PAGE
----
Gulf commercial fishermen have been baffled and deeply concerned with this kind of management and voiced that in D.C.
“I’m worried about the resource and the fishermen,” said Captain Mark Tryon, a commercial rod and reel fishermen from Gulf Breeze, Florida.
Again, there is an East Coast comparison:
“Their experiences with red snapper were identical to mine with striped bass; our commercial quota is smaller than the rec bycatch, yet we get blamed for everything wrong in the fishery,” said Baughman.
Sometimes new governmental edicts can have unintended, negative consequences that FCC members monitor and hopefully get changed before they become law.
One example is a mouthful; NOAA’s Advance Notice of Proposed Rulemaking on National Standard 4, 8, and 9 guidelines. Fishermen met with legislators and NOAA staff, including Kelly Denit, director of NOAA’s Office of Sustainable Fisheries.
One of the group’s most pressing worries is that the agency wants to redefine “fishing community” to shift emphasis from “dependence” on resources to “engagement” on management, and to de-emphasize the current guidelines’ “specific location” in which a fishing community is based.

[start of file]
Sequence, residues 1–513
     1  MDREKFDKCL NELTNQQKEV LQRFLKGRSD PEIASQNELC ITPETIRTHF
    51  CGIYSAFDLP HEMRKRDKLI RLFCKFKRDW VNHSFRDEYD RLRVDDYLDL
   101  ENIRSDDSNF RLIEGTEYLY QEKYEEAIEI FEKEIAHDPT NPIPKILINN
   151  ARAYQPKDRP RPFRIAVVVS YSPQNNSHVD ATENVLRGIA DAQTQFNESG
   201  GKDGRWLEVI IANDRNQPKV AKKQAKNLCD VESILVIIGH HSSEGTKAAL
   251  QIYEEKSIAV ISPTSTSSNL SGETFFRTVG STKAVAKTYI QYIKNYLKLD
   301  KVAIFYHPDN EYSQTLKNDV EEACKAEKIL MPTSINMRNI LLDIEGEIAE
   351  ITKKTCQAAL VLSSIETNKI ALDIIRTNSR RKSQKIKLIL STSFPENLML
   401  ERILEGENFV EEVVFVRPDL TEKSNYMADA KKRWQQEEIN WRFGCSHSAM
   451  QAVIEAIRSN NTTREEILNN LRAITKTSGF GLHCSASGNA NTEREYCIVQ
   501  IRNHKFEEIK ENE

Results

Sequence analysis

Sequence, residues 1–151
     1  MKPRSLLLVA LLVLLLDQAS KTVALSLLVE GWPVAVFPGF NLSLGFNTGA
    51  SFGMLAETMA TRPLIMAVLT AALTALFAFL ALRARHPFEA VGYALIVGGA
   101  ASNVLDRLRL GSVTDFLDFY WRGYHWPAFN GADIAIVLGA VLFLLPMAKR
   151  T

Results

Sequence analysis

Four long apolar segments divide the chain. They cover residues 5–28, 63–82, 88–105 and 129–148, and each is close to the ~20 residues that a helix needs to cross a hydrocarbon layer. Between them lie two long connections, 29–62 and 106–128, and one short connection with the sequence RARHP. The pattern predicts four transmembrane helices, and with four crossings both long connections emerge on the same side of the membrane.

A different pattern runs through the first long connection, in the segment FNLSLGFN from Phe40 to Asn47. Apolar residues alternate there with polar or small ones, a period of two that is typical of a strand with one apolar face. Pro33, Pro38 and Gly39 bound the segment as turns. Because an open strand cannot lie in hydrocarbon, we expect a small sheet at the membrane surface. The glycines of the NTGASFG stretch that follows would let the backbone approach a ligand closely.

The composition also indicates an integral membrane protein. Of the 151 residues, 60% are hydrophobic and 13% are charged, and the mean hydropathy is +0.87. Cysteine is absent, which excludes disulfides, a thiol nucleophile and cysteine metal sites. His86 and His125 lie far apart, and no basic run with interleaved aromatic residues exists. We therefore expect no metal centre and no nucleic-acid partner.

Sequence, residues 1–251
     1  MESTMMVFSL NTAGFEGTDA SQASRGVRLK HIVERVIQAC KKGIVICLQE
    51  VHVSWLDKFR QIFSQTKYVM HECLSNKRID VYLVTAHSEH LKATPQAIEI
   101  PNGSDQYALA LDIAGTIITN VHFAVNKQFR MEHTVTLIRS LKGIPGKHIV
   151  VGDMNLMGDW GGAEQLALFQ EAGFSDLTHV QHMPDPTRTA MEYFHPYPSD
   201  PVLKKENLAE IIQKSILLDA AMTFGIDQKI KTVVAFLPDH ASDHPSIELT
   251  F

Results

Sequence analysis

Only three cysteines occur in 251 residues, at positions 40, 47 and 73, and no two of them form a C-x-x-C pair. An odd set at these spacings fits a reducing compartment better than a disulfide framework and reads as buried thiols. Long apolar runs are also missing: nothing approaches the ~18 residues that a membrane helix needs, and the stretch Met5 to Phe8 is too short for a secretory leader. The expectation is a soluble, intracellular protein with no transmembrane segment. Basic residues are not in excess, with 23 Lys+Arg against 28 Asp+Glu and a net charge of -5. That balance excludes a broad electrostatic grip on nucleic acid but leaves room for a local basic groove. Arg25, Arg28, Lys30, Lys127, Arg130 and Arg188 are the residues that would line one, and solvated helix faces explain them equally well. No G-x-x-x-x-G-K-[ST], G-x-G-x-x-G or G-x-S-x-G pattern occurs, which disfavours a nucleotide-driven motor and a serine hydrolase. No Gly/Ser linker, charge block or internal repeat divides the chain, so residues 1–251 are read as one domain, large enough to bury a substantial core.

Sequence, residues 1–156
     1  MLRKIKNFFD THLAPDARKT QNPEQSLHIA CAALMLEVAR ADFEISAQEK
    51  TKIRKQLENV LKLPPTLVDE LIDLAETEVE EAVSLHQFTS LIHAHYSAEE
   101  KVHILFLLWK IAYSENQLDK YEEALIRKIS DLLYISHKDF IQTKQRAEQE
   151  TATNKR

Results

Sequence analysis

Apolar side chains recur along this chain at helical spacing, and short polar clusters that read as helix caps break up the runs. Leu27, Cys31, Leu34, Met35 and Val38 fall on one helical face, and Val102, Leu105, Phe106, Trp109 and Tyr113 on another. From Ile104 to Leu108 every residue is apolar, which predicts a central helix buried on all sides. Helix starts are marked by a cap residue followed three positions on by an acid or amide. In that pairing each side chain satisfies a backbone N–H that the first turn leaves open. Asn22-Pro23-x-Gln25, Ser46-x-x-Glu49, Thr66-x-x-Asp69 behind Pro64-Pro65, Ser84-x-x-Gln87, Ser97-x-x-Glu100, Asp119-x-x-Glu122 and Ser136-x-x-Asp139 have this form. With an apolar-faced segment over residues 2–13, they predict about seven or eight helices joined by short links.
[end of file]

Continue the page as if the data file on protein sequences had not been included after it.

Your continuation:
For those in the FCC, the ramifications could change key definitions; large, offshore factory trawlers could be considered “communities.” That would be bolstered by the change from “dependence” to “engagement”: Anyone who puts a hook in the water could be considered engaged, said Theresa Peterson from the Alaska Marine Conservation Council.
“Some of the language could be the final blow,” she said.
FCC groups have monthly Zoom calls, but being spread across the country in person meetings are rare. The trip allowed them to catch up and talk national and regional priorities with FCC’s coordinator, Noah Oppenheim of Homarus Strategies.